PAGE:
“It’s terrible because I put my life in the line for this country, but I feel like I’m being treated like trash,” he said. “If I am not eligible to become a U.S. citizen, I am really scared to return to my country.”
He spoke on condition of anonymity because of those fears.
It’s unclear how the service members’ discharges could affect their status as legal immigrants.
In a statement, the Defense Department said: “All service members (i.e. contracted recruits, active duty, Guard and Reserve) and those with an honorable discharge are protected from deportation.”
However, immigration attorneys told the AP that many immigrants let go in recent weeks were an “uncharacterized discharge,” neither dishonorable nor honorable.
The service members affected by the recent discharges all enlisted in recent years under a special program aimed at bringing medical specialists and fluent speakers of 44 sought-after languages into the military. The idea, according to the Defense Department, was to “recognize their contribution and sacrifice.”
President George W. Bush ordered “expedited naturalization” for immigrant soldiers in 2002 in an effort to swell military ranks. Seven years later the Military Accessions Vital to the National Interest program, known as MAVNI, became an official recruiting program.
It came under fire from conservatives when President Barack Obama added DACA recipients — young immigrants who were brought to the U.S. illegally — to the list of eligible enlistees. In response, the military layered on additional security clearances for recruits to pass before heading to boot camp.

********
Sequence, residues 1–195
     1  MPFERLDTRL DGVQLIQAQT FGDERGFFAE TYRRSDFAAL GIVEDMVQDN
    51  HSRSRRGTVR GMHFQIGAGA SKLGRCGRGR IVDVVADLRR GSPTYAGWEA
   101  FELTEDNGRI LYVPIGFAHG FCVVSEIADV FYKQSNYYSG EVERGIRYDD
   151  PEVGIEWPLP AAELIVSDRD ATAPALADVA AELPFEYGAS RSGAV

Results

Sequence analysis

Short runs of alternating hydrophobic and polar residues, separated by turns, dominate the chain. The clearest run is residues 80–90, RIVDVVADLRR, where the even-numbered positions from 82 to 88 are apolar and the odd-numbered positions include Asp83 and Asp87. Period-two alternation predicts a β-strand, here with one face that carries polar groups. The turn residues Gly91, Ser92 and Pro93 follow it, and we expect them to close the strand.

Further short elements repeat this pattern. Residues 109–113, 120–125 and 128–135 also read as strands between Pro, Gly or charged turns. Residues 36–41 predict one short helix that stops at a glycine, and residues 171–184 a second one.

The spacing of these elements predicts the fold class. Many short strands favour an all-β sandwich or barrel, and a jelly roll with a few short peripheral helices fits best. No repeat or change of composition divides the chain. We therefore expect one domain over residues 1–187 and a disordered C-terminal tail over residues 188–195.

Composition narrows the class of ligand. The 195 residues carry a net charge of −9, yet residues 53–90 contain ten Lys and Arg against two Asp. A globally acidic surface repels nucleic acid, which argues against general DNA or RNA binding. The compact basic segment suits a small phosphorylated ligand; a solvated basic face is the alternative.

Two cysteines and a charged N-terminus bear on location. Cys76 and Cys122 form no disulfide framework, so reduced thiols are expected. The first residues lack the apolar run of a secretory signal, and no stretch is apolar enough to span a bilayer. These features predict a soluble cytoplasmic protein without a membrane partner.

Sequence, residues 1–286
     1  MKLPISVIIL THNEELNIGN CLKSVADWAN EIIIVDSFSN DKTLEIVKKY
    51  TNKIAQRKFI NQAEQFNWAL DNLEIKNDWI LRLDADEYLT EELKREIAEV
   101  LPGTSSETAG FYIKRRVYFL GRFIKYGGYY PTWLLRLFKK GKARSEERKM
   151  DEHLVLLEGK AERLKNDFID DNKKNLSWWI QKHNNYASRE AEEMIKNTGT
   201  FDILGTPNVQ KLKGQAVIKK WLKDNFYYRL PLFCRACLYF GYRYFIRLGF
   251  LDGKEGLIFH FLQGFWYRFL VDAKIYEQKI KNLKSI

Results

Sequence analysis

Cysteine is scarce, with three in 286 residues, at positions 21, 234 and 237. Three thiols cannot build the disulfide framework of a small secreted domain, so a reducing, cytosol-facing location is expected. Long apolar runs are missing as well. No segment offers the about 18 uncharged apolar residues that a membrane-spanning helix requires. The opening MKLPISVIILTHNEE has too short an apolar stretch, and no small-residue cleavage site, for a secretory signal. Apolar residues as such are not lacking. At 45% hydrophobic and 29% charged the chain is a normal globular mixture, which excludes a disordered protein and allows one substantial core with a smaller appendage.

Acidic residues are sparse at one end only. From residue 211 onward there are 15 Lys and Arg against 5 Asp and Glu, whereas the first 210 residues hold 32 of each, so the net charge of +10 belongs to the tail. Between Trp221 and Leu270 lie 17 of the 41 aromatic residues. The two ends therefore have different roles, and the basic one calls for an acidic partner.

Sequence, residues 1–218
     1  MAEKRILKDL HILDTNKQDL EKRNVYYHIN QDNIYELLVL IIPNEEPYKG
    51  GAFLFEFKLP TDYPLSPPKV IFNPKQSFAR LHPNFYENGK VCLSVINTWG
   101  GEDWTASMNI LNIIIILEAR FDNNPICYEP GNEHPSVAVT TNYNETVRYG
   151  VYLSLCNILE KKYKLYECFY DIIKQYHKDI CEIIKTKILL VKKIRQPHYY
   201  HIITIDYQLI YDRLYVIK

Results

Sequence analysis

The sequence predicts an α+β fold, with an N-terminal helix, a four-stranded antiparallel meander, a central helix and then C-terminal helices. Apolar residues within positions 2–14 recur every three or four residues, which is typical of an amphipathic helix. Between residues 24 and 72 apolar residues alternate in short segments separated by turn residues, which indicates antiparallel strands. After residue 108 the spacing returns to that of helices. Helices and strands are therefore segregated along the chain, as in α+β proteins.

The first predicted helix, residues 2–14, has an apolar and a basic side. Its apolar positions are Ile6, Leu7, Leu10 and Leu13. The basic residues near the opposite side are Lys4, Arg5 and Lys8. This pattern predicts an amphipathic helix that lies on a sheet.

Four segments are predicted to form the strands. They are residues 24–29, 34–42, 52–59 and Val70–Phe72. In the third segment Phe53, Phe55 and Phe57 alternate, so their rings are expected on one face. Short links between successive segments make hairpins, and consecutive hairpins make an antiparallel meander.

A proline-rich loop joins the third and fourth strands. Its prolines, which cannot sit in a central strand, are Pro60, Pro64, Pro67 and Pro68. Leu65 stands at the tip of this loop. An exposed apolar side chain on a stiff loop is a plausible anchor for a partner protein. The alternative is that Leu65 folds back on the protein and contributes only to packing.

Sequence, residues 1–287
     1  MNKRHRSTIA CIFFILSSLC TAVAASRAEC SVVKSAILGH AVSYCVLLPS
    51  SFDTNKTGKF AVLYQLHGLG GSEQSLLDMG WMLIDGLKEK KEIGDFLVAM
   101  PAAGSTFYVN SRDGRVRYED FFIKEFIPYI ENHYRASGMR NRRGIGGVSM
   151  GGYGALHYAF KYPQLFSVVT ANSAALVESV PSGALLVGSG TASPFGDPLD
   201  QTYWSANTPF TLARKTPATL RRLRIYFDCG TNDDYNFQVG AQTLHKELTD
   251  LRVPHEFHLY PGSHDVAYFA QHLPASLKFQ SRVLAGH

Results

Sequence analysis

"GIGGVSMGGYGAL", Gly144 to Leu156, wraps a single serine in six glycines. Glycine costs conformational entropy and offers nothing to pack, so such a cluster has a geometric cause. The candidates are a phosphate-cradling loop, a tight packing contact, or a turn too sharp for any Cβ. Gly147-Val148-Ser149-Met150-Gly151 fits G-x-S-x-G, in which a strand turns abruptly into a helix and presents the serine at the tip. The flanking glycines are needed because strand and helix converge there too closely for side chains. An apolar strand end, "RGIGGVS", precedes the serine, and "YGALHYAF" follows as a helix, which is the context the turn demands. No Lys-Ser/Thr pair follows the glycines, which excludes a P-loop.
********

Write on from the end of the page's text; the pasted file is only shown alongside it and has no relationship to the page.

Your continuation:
The Trump Administration added even more hurdles, creating a backlog within the Defense Department. Last fall, hundreds of recruits still in the enlistment process had their contracts canceled. A few months later, the military suspended MAVNI.
Republican Congressman Andy Harris of Maryland, who has supported legislation to limit the program, told the AP that MAVNI was established by executive order and never properly authorized by Congress.
“Our military must prioritize enlisting American citizens, and restore the MAVNI program to its specialized, limited scope,” he said.
Non-U.S. citizens have served in the military since the Revolutionary War, when Continental soldiers included Irish, French and Germans. The U.S. recruited Filipino nationals to serve in the Navy in the 1940s, and worked to enlist Eastern Europeans in the military over the next decade, according to the Defense Department.
Since Sept. 11, 2001, nearly 110,000 members of the Armed Forces have gained citizenship by serving in the U.S. military, according to the Defense Department.
Many service members recruited through the program have proven to be exemplary. In 2012, then-Sgt. Saral K. Shrestha, originally from Nepal, was named U.S. Army Soldier of the Year.
In general, the immigrant recruits have been more cost-effective, outperforming their fellow soldiers in the areas of attrition, performance, education and promotions, according to a recently released review by the RAND Corporation, a nonprofit research institution.